So long, Paradise Island!
Day 7: Robinson Lake to Catfish Lake via the Petewawa River
I didn’t set an alarm and managed to sleep in till 8am. I wasn’t in a rush, but I did have 20km and a half dozen portages to get to Catfish Lake. When I exited the tent, I looked up and once again couldn’t believe my eyes – another beautiful, cloudless day. So far it was 5 to 2 for sun versus rain – an excellent ratio for a canoeist. I did my usual ritual of putting water on the stove for coffee while I took down the tent. I was happy the tent was able to almost completely dry over night and I wouldn’t have to deal with the extra weight of a wet tent. I packed mostly everything while I enjoyed a cup of coffee then made a quick breakfast of oatmeal and took it down to the rocks to enjoy.
The downstream put-in of P380 around Cedar Rapids
Pearley Lake as seen from P155
By the time 7pm rolled around my dinner was ready so I took it out to the rocks along with a whiskey sour. It was a quiet evening and you could barely make out the chit chat from other campers on the lake. It was kind of nice to hear other human voices after being secluded for so many consecutive days. I enjoyed my dehydrated meal and the look of the calm lake was too much to resist. I decided to head out for an evening paddle. I wanted to check out the Alligator ruins on an island just south of me as well as explore the northern bay. Once my food was secured for the night I went down to the beach and launched my canoe.
It was even more quiet now and the sound of my paddle dipping in the water could probably be heard across the lake. I slowly made my way to the island with the Alligator ruins and had a little trouble locating it at first – I was on the wrong side of the island. I paddled around to the other side and there was a bit of a clearing, so you could see some of the ruins through the bush. I landed the canoe and got out to explore the area and take a few photos. This thing was really cool but there was no structure left, just the metal bits and pieces that once formed the mechanical inner workings of a very awesome machine. This ‘boat’ had the capability to wench itself across land from lake to lake – an impressive feat, even by today’s standards.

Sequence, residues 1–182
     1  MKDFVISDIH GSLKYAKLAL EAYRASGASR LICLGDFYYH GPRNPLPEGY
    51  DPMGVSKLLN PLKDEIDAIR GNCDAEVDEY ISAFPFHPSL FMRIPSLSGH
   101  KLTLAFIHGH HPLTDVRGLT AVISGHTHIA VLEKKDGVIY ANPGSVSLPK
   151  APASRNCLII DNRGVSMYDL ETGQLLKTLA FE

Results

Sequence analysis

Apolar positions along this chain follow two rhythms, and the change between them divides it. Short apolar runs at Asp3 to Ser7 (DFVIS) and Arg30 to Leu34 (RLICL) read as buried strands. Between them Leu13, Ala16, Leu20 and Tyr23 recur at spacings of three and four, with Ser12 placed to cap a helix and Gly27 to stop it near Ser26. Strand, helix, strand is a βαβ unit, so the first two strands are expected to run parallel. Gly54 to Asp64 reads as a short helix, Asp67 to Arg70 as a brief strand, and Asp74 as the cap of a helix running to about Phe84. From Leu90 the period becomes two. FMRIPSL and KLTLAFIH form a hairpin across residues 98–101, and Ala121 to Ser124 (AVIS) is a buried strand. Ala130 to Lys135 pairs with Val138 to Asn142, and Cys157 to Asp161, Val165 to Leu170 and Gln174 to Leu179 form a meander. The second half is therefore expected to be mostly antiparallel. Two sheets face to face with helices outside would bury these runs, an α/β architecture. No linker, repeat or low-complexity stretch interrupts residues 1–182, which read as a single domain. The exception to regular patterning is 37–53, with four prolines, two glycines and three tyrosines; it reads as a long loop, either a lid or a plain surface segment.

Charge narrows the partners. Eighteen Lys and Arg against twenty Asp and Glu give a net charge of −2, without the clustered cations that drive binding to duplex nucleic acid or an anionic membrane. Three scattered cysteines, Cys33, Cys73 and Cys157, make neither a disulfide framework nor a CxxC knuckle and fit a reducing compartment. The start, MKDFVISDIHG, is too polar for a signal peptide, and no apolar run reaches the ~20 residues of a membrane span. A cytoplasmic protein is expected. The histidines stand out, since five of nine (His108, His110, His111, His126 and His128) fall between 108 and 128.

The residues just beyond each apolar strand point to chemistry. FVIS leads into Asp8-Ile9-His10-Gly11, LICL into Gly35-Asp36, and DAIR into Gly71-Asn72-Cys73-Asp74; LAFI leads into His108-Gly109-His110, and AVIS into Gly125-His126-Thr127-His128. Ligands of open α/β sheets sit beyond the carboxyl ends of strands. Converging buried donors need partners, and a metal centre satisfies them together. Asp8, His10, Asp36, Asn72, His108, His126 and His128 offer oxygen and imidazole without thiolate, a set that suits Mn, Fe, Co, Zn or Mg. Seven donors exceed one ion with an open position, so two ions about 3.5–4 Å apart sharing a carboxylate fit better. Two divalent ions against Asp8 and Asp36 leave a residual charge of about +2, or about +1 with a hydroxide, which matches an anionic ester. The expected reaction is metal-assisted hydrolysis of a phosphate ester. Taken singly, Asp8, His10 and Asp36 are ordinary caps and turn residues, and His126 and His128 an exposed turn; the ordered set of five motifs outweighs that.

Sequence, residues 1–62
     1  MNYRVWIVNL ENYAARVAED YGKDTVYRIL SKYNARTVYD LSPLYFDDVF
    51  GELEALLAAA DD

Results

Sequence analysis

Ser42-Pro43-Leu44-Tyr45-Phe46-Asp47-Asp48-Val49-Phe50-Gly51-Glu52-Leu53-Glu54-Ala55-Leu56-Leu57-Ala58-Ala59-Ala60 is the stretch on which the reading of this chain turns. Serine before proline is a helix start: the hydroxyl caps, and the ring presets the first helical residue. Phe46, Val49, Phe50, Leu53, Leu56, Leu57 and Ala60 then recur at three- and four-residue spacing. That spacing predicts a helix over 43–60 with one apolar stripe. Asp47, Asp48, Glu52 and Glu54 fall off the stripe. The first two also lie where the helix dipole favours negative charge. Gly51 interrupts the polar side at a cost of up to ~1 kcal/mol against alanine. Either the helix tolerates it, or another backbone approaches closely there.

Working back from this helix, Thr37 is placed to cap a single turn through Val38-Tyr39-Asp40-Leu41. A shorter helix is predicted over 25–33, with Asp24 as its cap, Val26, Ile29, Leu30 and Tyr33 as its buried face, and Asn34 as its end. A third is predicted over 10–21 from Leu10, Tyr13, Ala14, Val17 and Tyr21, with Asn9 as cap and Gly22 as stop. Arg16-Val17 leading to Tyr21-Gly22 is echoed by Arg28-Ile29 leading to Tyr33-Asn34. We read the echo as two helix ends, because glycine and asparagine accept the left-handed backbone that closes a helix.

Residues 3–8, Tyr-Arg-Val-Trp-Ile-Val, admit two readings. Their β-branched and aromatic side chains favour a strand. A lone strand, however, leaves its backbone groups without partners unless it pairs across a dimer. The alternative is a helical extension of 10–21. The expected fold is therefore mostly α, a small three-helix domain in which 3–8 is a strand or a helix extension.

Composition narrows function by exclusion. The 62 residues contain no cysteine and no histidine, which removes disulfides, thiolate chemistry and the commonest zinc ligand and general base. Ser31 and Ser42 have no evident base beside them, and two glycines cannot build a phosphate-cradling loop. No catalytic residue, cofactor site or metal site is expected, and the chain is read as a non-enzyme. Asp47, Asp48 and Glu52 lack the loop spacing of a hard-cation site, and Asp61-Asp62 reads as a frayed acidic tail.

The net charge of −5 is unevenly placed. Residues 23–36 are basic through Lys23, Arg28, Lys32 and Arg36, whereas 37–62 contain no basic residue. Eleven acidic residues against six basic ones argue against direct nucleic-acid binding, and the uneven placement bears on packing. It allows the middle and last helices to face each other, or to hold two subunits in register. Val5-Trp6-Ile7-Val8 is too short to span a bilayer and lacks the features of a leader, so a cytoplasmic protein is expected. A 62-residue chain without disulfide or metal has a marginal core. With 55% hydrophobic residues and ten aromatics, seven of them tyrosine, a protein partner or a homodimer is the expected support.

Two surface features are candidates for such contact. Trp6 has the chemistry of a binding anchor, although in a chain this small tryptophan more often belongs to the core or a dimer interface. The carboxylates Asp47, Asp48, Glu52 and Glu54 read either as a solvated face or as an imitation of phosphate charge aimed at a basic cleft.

I continued through the narrows and past a giant rock labelled by Natives as ‘Turtle Rock’. It was an aboriginal spiritual site resembling the shape of a turtle. Once through the narrows I could see two or three really cool looking campsites – all occupied. What the heck?! I went from seeing 2 groups in 6 days to not even being able to score a decent campsite – I was not expecting this. There were two more sites in the north end of the lake and since that’s where I had to exit tomorrow, I figured they would be better than turning around and going back to the south end. Luckily, the first campsite I came across was pretty nice and had the best of both worlds – it had a very small sandy beach as well as a giant rock leading down into the water. There was also pink quartz studded all over the place – I was happy where I ended up.
These loons kept me company during my evening paddle around the north end of Catfish Lake
I got to my campsite a little before 3pm so I still had plenty of light. After a little bit of relaxing down by the beach I decided to take advantage of the sun and give my clothes a good rinse – it was really hot today and I was sweating a lot. I didn’t bother hanging my stuff to dry, I just spread it out on the rock in the blazing sun while I took a swim in the lake. I felt amazing after a 20-minute swim and part of me didn’t want to leave the water. This campsite also seemed to be infested with red squirrels because they were chattering at me from all angles – no matter where I was. It was funny and annoying at the same time. After cooling off in the lake I started the process of setting up camp – with the friendly red squirrels constantly reminding me that I was the intruder. I was getting hungry and my dinner tonight was one of two dehydrated meals – the other being a back-up meal for the first half of my trip. I decided to go with the chicken and rice so I boiled water on the stove, poured it in the bag and let the meal do its thing.
North shore campsite on Pearley Lake
Looking back at Catfish Lake
Robinson Lake to Catfish Lake
Another gorgeous day in Algonquin Park